The band’s self-titled album came out in 2006, after a number of notable singles. The album was a large success, settling onto the charts like a barnacle. After receiving a couple of ARIAs, the album reached number five on the Australian charts. And with it came fame and celebrity attention. “It’s like a roller-coaster. It really is. When you’re going up that first really big hill, things are really busy, you don’t really know what’s happening, and then all of a sudden you get there, it’s kinda exciting. But it’s very surreal, it’s a different experience, when you all of a sudden have a bit of success. Then expectation goes up, so the way you operate changes slightly, because everybody around you is talking differently. It’s tricky, but it’s one of the things you learn to deal with as quickly as possible. You try not to let it interfere with the creative process.” Their single ‘I Love It’ broke the record for the longest stay on the ARIA charts (seventy weeks). McDonald admits “I think there was a point where we were ‘Jesus, can please stop playing it on the radio, you’re driving us crazy.’ All of our songs got flogged. But you soon find out if they don’t play your songs, you’d rather they’re playing it all the time than not at all. I think the only people that don’t mind hearing their songs all the time on the radio, are the people who actually wrote the songs or perform the songs. It’s not a bad place to be.” However, McDonald says the conservatism of radio contributed to that. “I think radio these days is pretty fucked up – they play a handful of songs a million times a day and then they drop it and forget about everything else. I don’t think it’s that healthy.”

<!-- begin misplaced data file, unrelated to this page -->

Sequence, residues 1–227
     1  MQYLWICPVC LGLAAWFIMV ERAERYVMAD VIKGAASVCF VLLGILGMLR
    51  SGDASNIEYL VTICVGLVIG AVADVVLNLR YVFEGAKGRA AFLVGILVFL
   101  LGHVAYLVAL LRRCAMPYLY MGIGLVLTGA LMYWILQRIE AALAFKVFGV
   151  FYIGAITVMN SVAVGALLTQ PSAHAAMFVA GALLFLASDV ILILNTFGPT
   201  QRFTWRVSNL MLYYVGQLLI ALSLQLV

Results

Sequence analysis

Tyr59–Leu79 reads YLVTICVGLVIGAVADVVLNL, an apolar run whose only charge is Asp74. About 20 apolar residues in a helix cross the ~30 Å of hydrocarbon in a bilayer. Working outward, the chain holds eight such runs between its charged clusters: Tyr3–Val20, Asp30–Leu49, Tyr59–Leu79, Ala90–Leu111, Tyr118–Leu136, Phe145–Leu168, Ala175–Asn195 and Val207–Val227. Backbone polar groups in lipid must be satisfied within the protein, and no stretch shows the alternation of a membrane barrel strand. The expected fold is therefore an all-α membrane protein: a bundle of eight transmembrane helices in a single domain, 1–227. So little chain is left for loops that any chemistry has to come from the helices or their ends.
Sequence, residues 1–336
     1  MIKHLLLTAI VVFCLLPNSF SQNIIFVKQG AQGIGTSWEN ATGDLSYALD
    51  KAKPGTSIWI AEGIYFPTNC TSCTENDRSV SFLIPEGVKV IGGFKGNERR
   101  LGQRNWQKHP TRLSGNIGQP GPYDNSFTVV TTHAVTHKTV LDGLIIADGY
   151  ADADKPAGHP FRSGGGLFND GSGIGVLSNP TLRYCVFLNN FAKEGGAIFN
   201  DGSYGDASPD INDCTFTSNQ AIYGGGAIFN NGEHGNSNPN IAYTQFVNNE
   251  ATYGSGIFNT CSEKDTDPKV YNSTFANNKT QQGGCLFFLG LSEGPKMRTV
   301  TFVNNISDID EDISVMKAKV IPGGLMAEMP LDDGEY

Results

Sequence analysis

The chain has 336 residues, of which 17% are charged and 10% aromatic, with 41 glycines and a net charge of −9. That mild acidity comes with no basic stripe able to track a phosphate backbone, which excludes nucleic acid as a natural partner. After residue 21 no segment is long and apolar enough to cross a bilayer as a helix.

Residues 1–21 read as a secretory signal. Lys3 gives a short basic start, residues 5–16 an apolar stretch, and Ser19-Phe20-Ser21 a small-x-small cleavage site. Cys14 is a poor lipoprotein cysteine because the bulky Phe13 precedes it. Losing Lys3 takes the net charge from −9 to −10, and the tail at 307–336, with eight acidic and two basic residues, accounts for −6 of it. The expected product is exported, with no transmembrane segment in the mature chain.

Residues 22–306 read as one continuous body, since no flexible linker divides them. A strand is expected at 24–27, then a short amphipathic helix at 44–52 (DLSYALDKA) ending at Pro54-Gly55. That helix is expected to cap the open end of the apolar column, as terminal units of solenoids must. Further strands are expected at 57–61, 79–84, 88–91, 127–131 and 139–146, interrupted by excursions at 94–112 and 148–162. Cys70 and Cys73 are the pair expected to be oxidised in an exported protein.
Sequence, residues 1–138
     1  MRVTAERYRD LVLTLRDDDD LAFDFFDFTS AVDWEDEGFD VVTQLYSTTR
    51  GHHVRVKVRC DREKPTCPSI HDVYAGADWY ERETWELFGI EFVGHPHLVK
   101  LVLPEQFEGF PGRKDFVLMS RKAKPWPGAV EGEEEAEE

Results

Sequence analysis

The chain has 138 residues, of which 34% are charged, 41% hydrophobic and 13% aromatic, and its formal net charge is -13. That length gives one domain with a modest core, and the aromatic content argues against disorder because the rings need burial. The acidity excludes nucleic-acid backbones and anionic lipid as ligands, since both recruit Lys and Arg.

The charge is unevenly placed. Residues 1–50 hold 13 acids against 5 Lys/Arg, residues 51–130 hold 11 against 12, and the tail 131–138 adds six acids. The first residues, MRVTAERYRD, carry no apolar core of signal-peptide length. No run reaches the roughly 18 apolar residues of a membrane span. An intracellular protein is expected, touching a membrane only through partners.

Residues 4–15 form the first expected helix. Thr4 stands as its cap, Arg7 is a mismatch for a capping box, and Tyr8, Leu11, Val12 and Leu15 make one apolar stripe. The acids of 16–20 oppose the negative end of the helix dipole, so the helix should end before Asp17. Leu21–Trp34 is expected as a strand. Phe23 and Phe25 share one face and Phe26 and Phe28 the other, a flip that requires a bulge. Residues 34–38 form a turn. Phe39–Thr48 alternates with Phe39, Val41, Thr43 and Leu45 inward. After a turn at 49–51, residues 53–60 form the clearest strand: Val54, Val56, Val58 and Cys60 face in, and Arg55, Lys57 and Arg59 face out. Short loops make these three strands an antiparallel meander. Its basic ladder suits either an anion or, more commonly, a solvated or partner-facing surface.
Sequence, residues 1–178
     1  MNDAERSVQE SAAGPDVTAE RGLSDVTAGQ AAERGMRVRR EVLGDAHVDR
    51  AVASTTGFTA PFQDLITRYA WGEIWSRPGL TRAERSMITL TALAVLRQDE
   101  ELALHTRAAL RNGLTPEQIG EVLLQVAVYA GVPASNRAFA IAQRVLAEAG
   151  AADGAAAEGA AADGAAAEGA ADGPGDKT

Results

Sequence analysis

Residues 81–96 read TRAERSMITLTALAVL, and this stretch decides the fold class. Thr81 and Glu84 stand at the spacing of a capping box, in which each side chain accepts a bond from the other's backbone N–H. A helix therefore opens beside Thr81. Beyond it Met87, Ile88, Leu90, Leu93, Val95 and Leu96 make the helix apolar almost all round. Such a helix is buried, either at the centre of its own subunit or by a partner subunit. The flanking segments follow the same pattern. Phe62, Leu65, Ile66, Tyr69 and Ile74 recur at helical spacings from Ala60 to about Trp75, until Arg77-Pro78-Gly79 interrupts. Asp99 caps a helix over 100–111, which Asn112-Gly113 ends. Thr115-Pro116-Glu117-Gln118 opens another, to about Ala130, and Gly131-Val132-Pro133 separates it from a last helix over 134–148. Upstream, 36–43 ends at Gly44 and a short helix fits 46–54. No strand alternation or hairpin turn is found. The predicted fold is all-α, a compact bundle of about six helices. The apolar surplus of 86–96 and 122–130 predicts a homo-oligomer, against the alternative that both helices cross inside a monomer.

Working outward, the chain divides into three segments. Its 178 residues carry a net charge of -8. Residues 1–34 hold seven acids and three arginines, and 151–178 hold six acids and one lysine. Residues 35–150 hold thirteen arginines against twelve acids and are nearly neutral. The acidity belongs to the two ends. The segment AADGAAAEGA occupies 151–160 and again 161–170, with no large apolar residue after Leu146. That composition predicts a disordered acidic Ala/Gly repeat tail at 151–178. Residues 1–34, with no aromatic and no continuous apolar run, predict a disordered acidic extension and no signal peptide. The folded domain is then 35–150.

The second album (entitled 2) topped the ARIA charts upon release in 2008. Given the success of the first album, it’d be fair to say that 2 came with a bit of expectation. “We didn’t [feel pressure] while we were making it, because to be honest we were doing it while everything else was happening. We went in to start recording it the day after the ARIAs. No-one knew we were doing it. It wasn’t until we started doing interviews and announced it that we sensed the pressure. It was good that we were able to bypass all of that. The expectations were high, but we had a good run. We were very lucky.” McDonald says 2 “was much more influenced by how we were performing live. Beforehand, we produced the album in our own tiny studio and worked out how to play it live later. This time around we tried a few songs out and we tried to harness the energy of the live shows a bit more. Connie was on all the songs this time and we only met her halfway through the other one. We had a bit more unity I think.”